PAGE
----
• Wilcannia, has a population of around 745 people, mostly Barkindji mob. (John Janson-Moore)Source: John Janson-Moore
The NSW Health Minister has been lashed by members of the Far West community of Wilcannia after criticising mourners who attended a funeral in the town last week.
Lindy Kerin, Jodan Perry

21 Aug 2021 - 3:13 PM  UPDATED 23 Aug 2021 - 10:05 AM

At a media conference in Sydney this morning, Brad Hazzard singled out the Wilcannia funeral in the same breath as an illegal gathering in Sydney’s East.

He said up to 60 people attended the party in Maroubra, that breached health orders, then followed up by saying he had heard up to 500 people were at the Wilcannia funeral.

“Each of these people who are going to these functions must understand that they run the risk of either having the virus and transmitting it or getting the virus and taking it home to their families and their communities,” he said.

He said it’s now not the time “to be selfish”.

Notably, Wilcannia was under no regional lockdown restrictions when the funeral was held on Friday August 13. The new restrictions were announced by NSW Health the next day.

‘Wouldn’t wish it on anyone’: Dubbo Aboriginal man’s COVID-19 ordeal
Popular Gumbaynggir musician Michael Donovan was hesitant about getting the COVID-19 vaccine – until he got the virus this week. He says the illness is real, and scary.

Barkindji woman and Wilcannia resident Monica Kerwin-Whyman said the Minister needs to “check his facts.”

“Blaming a Black grieving family when they had the power to close borders, they had the power to shut down this community … they categorized us as vulnerable, but they did nothing to stop the spread,” she told NITV News.

“COVID did not come out of that Aboriginal funeral, that sorry business, that came out of Sydney.

“That young man, he passed away of a heart disease, and to have the nerve to blame this on an Aboriginal community,”

Monica Kerwin-Whyman said she wants to set the record straight with the Minister.

“Give him my phone number. I’ll talk to him.”

In a statement to NITV News, the NSW Health Minister said he "regrets any hurt caused."

"But the simple fact is that this Delta variant is spreading where large groups of people come together,” he said.

“While no disrespect was intended it is crucial that everybody gets the message – large gatherings spread this extremely dangerous virus that causes severe illness and death.”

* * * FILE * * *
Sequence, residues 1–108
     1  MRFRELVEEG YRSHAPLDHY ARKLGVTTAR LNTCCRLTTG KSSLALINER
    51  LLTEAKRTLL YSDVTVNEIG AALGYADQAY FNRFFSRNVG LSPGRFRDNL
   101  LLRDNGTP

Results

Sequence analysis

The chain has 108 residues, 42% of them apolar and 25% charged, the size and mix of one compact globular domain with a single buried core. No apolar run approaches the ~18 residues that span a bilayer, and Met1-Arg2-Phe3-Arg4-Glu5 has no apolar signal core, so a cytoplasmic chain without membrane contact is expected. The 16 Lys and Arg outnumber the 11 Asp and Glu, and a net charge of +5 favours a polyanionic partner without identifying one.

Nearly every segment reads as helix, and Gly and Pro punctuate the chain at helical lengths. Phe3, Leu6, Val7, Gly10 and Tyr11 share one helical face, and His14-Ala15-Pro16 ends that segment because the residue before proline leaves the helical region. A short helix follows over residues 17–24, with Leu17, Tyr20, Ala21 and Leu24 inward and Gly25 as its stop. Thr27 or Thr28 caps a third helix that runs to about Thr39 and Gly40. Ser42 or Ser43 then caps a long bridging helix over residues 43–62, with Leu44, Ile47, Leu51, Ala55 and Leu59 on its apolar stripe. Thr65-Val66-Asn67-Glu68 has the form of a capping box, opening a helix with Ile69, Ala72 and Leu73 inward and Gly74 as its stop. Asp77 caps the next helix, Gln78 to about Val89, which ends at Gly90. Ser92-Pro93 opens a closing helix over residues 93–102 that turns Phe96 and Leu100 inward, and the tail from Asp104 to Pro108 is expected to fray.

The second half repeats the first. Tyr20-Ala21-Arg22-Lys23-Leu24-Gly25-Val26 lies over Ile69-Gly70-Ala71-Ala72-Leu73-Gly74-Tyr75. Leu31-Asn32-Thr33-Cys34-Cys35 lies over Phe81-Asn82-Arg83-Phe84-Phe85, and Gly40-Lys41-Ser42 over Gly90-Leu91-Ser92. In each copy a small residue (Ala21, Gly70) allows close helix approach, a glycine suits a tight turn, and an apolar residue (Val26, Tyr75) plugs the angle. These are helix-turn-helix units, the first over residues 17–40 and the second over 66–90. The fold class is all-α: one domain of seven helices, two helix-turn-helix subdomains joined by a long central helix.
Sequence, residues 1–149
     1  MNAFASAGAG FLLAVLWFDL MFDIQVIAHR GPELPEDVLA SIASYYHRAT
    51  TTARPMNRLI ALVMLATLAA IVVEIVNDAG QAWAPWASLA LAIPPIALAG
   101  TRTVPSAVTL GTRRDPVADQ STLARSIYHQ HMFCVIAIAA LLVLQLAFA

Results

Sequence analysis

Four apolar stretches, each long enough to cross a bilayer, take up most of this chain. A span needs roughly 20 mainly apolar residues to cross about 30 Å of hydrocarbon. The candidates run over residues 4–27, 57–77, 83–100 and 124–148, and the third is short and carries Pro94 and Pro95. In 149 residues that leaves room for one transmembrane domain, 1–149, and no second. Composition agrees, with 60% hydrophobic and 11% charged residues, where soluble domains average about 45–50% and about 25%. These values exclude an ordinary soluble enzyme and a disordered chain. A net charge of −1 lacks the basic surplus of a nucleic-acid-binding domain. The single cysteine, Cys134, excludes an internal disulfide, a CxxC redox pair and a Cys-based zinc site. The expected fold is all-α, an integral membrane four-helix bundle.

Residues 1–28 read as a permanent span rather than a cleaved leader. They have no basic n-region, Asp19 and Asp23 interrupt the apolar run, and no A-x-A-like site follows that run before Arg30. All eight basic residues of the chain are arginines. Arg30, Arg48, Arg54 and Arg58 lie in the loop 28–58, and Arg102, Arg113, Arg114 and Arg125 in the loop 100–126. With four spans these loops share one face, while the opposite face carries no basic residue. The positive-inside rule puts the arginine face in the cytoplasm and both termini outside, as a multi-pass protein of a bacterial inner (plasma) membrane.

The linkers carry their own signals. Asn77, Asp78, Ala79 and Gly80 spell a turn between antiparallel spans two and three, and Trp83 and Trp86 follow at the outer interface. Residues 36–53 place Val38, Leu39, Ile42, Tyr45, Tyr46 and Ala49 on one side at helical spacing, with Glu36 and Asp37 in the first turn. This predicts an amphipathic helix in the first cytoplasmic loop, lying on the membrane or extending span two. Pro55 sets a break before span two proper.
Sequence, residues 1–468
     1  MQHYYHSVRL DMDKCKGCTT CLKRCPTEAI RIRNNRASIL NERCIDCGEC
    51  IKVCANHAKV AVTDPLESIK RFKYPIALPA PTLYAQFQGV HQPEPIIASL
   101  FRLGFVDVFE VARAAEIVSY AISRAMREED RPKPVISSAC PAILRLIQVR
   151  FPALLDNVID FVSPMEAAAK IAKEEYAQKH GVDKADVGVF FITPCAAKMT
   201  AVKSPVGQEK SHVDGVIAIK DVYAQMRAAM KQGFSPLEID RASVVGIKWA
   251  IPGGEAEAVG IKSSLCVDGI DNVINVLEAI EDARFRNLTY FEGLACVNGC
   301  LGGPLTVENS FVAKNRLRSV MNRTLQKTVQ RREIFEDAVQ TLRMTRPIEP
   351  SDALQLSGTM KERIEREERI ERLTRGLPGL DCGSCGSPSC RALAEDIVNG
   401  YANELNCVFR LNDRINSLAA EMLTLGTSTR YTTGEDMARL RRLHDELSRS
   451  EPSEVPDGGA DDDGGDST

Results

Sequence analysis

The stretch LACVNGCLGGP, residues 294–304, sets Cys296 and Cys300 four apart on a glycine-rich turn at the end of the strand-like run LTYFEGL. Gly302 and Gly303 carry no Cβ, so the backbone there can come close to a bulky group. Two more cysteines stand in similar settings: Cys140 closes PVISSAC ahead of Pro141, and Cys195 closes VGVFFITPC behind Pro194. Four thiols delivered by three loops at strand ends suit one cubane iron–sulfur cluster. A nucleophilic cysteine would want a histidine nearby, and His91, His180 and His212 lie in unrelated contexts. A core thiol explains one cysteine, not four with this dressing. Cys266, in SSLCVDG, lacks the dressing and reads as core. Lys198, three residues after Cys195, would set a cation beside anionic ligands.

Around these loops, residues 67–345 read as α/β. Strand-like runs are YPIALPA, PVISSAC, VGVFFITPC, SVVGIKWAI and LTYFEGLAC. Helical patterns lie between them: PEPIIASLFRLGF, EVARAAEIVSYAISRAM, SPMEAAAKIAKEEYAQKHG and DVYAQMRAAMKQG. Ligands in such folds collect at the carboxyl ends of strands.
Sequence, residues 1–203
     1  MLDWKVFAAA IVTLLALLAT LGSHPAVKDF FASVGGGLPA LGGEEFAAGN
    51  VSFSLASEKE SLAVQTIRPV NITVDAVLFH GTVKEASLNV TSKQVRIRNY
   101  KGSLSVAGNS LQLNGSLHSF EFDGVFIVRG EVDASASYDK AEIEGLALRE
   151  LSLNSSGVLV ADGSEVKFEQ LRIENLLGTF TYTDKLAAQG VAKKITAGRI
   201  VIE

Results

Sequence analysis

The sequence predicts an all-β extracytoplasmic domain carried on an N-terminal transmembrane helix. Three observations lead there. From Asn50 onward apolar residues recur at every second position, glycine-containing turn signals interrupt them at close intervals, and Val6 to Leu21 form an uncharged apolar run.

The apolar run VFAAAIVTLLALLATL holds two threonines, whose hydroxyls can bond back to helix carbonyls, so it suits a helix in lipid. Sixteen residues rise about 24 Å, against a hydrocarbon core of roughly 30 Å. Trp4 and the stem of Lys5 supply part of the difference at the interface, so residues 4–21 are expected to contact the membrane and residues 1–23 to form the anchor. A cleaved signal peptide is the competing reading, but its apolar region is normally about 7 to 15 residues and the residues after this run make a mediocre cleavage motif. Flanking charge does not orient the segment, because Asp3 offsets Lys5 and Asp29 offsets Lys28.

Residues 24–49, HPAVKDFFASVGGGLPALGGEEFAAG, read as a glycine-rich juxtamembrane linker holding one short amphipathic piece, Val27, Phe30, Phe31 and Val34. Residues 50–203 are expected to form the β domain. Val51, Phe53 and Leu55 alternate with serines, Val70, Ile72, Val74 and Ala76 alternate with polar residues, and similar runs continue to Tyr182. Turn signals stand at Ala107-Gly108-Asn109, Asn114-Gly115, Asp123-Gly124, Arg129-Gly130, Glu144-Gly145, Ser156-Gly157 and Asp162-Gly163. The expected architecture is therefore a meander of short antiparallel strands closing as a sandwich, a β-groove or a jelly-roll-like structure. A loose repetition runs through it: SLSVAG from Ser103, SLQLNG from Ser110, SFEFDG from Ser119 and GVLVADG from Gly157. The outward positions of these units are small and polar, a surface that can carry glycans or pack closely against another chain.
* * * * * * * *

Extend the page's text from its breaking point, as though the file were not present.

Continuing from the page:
Wilcannia recorded 13 new cases of COVID-19 on Saturday, while one new case was recorded in Broken Hill.

The town, 550km West of Dubbo, the epicentre of the Western outbreak, had a population of 549 when last measured by the census in 2016. Almost three-quarters of the community are First Nations people.

Ms Kerwin Whyman took to social media to explain the dire situation facing her town. She said food was being withheld from infected families who were isolating until staff were trained on how to hand it out.

She said since she spoke up supports have improved.

Get tested, stay home

Guugu Yalandji and Woppaburra man Brendan Adams, works for Wilcannia Local Radio and has lived in the town for two decades.

He is concerned about his community, with the total number of infections rising.

“It’s populated by around 600, but that could mean 400 get infected within days and a weeks if we don’t do the right thing, and that is a very scary thing,” he told NITV News.

“It's really important that we get tested.

“But right now, with this pandemic, with all these fears that’s happening, we got to also make sure that we just stay home and do not have contact with other members of the communities, neighbours, family, all of us have to stay home, isolating ourselves is very important for us.”

Mr Adams believes that the situation in Wilcannia could have been avoided with more correspondence with the state government

“I’m not going to say forgotten, but we were not in the frame of mind of the government,” he said.

“I think if they concentrated a lot more with the remote communities, we would have had a better prevention process put in place, and we wouldn’t be where we are now.”

Another state record for infections

There were a record 825 confirmed cases across the state of NSW, with 3 deaths overnight.

There are currently 516 COVID-19 cases admitted to hospital, with 85 people in intensive care, 29 of those need ventilation.

The Western Health District recorded 38 new cases of the virus: 32 in Dubbo, 2 in Bathurst, 2 in Wellington and 1 in Narromine.

One case was incorrectly announced for Walgett.

A vaccination clinic facilitated by the Defence Force was opened today at West Dubbo's Pioneer Park, with a range of clinics to follow in communities across the region over coming weeks.

Dubbo Mayor Stephen Lawrence offered sympathy and support all those people who have tested positive to COVID 19.

“We are truly in a bad situation.

“Everyone is in different circumstances, some people very ill, some people doing okay, but I think the common factor is a lot of anxiety and isolation. So thoughts of the community are really with you.”


How a Sydney clinic turned the tide on its vaccine hesitancy
A southwestern Sydney health centre is combatting coronavirus vaccine hesitancy through community outreach.